Market Insight

Energy storage inverter (PCS) market competitive landscape heats-up following surge in strategic investments and acquisitions

January 22, 2019

Cormac Gilligan Cormac Gilligan Research & Analysis Manager, Solar & Energy Storage
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Summary:

A flurry of activity occurred in Q4'18 with notable acquisitions including Kaco's acquisition of Energy Depot and LSIS's acquisition of Parker Hannifin's Grid-Tie Division while Socomec acquired a strategic stake in EPC Power.

While the global grid-connected energy storage inverter (PCS) market is estimated to have reached just over $300 million in 2017, it is forecast to double reaching $600 million in 2022. With this robust growth, many suppliers are rushing to gain a market presence in new market segments or gain a foothold in new markets as quickly as possible. 

Key points:

  • German solar and energy storage inverter supplier Kaco New Energy acquired Energy Depot GmbH in October 2018 which expands Kaco's portfolio to now include a 10 kW hybrid energy storage inverter for behind-the-meter (BTM) market.
  • French industrial supplier Socomec who is an active player in the commercial BTM energy storage market acquired a strategic stake in US power conversion supplier EPC Power in November 2018 which allows it to expand rapidly into the US energy storage market as well as to access to an enhanced energy storage inverter portfolio.
  • South Korean supplier LSIS, a leading PCS and EPC player, has acquired US headquartered Parker Hannifin Grid-Tie Division a leading energy storage inverter supplier active in the commercial BTM and front-of-the-meter market (FTM) which fast-tracks LSIS entry into the US market.

IHS Markit Analysis:

While the global grid-connected energy storage inverter (PCS) market continues to grow year-on-year in shipment terms, the level of competition continues to increase. New players are entering the market, as they diversify out of solar markets and/or their industrial businesses. In parallel, lead-times and market development in some energy storage markets can be lengthy and as a result, challenge suppliers scaling in a timely manner. Faced with these market dynamics, some suppliers are favouring acquisitions and strategic investments as a method of accelerating market entry and expansion into new segments.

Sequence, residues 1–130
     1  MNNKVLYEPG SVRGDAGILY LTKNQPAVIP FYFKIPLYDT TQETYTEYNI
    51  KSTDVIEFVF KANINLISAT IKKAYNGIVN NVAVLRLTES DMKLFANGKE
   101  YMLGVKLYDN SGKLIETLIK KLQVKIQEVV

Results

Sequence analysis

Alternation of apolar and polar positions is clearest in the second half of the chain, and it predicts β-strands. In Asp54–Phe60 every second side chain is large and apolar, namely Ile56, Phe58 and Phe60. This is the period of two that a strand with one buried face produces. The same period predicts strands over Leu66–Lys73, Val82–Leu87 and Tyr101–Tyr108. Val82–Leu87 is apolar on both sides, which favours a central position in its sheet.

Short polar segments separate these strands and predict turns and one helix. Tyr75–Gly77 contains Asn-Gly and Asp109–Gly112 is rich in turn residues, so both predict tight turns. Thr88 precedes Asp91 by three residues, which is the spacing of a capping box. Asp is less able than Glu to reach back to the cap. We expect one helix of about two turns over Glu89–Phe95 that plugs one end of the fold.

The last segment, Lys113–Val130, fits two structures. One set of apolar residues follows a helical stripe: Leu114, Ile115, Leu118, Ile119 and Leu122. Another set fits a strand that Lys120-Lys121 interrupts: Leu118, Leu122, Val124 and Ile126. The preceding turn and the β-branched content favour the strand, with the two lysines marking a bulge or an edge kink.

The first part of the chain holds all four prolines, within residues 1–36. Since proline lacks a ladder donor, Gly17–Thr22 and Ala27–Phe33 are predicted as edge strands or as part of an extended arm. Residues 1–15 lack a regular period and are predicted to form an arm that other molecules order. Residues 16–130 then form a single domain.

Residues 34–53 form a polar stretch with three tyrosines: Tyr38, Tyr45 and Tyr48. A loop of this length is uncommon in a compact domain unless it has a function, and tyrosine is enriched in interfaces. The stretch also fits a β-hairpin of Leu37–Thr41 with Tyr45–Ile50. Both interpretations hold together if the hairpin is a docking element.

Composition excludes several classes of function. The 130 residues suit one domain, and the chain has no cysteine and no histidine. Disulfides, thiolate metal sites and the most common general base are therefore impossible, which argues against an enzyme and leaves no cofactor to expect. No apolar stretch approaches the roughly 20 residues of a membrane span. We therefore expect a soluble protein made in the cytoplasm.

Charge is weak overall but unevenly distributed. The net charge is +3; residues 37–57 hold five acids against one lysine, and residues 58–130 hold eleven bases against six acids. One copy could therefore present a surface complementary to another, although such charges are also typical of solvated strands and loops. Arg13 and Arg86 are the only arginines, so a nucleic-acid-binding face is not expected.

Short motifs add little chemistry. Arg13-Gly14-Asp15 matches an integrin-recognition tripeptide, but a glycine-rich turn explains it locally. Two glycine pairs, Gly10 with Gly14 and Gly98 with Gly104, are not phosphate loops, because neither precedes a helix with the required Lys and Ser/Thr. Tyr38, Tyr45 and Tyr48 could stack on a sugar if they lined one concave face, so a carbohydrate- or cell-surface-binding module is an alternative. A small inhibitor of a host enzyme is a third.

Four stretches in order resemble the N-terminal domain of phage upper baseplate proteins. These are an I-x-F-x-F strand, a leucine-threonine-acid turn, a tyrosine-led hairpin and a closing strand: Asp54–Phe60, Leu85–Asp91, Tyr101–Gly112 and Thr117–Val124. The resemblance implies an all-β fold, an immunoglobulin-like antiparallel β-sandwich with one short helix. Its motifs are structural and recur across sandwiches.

Competition continues to intensify

Parker Hannifin was the number one global supplier for grid-connected energy storage inverter shipments as recently as 2016. However, due to the quick influx of PCS suppliers, rapid decrease in PCS prices and the unpredictability of market development in key markets, it dropped out of the top-ten rankings in 2017. The pace of change in the competitive landscape has been rapid in recent years as many solar inverter suppliers have entered the PCS market such as WS Tech, GE, Sungrow and Power Electronics, while some notable battery manufacturers such as Tesla now offer their own in-house PCS solution.

Other suppliers such as Dynapower are using partnerships with other PCS suppliers such as SMA to sell and re-brand some its products such as its DC-coupled energy storage inverter. While for other suppliers, the pace of change and the slower than anticipated market development have caused market exits such as Ideal Power in January 2019.

Suppliers seek to expand geographical presence and product segment

Both Socomec and LSIS via their recent investments have expanded their presence in the high-growth US market. For foreign players, the investment or acquisition of a local player is meant to be the fastest route to market and a way for suppliers to diversify their geographical presence.

In other cases, such as Kaco, it has accelerated its entry into the residential BTM market in Germany and international markets and immediately expanded its portfolio to include residential and commercial BTM markets. Additionally, such acquisitions allow PCS suppliers to move into the system integration market reducing overall system cost and increasing margins.

Pace of innovation and scale continue to be important supplier criteria

In many of the recent investments, a key benefit will be the fresh injection of cash to aid research and development activities. The ability to utilise local teams to fine tune product development for the applicable markets of Germany in Kaco’s situation and the United States in the case of LSIS and Socomec, will further strengthen their competitive position. Many of the local teams also have good relationships with energy storage developers and supply chain partners. Furthermore, the investment from large companies will boost the bankability of the acquired or invested company and will be a major advantage in winning customers.

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Power & Energy Technology
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